Once you "get it", it will rapidly leave your mouse in the dust for almost all work.

Sprite detail work (on the pixel by pixel level) is one of the few exceptions to this, but it remains useful on sprites for anything that doesn't require modifying individual pixels (all but the last step). It's very useful for blocking and refining the basic shape of your sprite, which can be odious to do with a mouse.

Also, if you're like me (or wayfarer) and use the brush tool instead of the pencil tool for a decidedly different way of making sprites (cf the shyde, or any of my special effects), then it allows you control over "strokes" which can be difficult to get with a mouse.


For one example, I constructed all of the village graphics with the tablet, as well as all the weapon icons. In working, I will occasionally grab the mouse to do some odd job that it is better suited to, but for the jobs I mentioned I spend 90% of my time with the tablet. I try to use the "best tool for the task at hand", switching between them within individual drawings.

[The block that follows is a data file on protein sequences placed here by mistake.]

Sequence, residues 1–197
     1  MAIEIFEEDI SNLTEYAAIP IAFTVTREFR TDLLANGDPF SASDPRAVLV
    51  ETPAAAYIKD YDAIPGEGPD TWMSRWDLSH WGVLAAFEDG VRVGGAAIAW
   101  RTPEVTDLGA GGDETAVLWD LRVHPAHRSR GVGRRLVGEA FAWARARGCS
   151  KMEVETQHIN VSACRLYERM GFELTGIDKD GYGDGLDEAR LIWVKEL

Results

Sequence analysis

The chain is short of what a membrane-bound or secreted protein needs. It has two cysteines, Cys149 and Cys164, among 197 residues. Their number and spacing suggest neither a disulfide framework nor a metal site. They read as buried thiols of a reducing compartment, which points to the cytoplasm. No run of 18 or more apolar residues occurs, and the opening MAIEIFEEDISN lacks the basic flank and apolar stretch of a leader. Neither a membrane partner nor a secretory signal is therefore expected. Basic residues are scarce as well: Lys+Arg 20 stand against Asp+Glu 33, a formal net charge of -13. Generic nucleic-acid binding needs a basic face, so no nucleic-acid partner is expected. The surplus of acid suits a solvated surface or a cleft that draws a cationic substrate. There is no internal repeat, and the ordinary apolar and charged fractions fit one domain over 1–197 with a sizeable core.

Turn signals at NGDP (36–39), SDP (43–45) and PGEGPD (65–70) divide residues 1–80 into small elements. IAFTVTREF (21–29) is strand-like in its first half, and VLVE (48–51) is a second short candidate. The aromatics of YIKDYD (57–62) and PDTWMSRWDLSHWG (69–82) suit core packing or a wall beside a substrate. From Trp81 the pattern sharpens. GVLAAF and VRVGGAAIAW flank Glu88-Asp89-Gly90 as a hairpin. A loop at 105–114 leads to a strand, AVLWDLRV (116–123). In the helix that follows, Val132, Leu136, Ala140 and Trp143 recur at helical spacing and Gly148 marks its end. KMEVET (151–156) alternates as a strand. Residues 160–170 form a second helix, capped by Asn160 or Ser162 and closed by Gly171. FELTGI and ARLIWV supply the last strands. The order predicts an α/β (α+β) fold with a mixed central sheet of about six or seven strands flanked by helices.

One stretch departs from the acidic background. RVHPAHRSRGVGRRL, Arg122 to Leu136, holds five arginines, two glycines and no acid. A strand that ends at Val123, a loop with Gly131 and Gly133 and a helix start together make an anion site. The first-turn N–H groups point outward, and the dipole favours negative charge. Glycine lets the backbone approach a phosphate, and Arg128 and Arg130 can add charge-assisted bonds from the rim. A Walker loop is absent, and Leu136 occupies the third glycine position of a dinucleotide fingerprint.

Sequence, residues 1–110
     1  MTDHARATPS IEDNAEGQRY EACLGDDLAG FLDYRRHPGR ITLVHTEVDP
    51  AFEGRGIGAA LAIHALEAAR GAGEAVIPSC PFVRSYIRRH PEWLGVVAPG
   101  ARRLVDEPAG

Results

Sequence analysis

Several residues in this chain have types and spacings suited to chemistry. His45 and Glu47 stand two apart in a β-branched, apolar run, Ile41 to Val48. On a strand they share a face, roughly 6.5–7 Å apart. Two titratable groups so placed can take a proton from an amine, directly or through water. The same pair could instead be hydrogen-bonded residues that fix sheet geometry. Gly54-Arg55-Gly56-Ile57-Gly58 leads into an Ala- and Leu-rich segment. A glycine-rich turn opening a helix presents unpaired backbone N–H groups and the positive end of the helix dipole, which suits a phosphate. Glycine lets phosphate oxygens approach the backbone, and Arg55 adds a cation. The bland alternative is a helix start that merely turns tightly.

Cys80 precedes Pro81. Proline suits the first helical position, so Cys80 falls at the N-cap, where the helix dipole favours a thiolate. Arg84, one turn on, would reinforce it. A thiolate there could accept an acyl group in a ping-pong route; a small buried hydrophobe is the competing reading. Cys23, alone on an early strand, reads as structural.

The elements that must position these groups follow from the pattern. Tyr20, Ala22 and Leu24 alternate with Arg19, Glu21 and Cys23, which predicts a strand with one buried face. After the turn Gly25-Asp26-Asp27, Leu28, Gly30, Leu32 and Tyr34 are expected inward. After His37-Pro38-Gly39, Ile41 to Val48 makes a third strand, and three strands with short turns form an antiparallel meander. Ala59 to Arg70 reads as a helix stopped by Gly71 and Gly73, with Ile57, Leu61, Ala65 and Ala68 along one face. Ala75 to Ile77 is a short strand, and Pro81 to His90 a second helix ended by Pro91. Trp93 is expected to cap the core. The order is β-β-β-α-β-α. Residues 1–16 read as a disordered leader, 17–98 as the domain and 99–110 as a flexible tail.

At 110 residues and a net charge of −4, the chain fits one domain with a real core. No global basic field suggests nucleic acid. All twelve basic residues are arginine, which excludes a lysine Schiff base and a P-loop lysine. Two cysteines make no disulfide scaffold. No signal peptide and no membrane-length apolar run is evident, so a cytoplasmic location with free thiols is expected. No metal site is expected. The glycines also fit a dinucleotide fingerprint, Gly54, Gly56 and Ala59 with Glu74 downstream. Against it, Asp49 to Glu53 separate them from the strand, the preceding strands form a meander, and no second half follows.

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Post by Jetrel »

Quensul wrote:I'm far from an artist, but the greatest advantage I've seen with mine is the pressure sensitivity.
This is massive.

Photoshop, paired with Wacom tablets, can do other awesome things, like doing adjustments based on the tilt of the pen tool. It's ... shall we say, versatile?
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Post by Jetrel »

Oh yeah, uh - what kinda tablet do you have?
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Post by Quensul »

Jetryl wrote:Photoshop, paired with Wacom tablets, can do other awesome things, like doing adjustments based on the tilt of the pen tool. It's ... shall we say, versatile?
That assumes the tablet supports tilts - the Graphires don't. I think you have to go up to an Intuous to get tilt sensing.
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Zhukov
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Post by Zhukov »

Jetryl wrote:Oh yeah, uh - what kinda tablet do you have?
Were you are asking me or Quensul? Anyway, I have something called a "Wacom" model ET-0405A-U, if that means anything. It came with some bonus add-on package deal thingy. It doesn't look any the worse for wear having lain under a pile of paperwork for about two years :).